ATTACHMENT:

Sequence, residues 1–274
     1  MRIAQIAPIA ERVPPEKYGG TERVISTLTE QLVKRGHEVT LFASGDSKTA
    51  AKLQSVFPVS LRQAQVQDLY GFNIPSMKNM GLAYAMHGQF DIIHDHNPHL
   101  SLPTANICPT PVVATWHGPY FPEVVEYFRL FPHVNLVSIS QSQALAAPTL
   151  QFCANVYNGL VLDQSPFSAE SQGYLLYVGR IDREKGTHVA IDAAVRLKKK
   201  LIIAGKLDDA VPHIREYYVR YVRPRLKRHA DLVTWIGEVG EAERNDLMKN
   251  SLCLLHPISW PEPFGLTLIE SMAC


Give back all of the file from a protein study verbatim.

Sequence, residues 1–274
     1  MRIAQIAPIA ERVPPEKYGG TERVISTLTE QLVKRGHEVT LFASGDSKTA
    51  AKLQSVFPVS LRQAQVQDLY GFNIPSMKNM GLAYAMHGQF DIIHDHNPHL
   101  SLPTANICPT PVVATWHGPY FPEVVEYFRL FPHVNLVSIS QSQALAAPTL
   151  QFCANVYNGL VLDQSPFSAE SQGYLLYVGR IDREKGTHVA IDAAVRLKKK
   201  LIIAGKLDDA VPHIREYYVR YVRPRLKRHA DLVTWIGEVG EAERNDLMKN
   251  SLCLLHPISW PEPFGLTLIE SMAC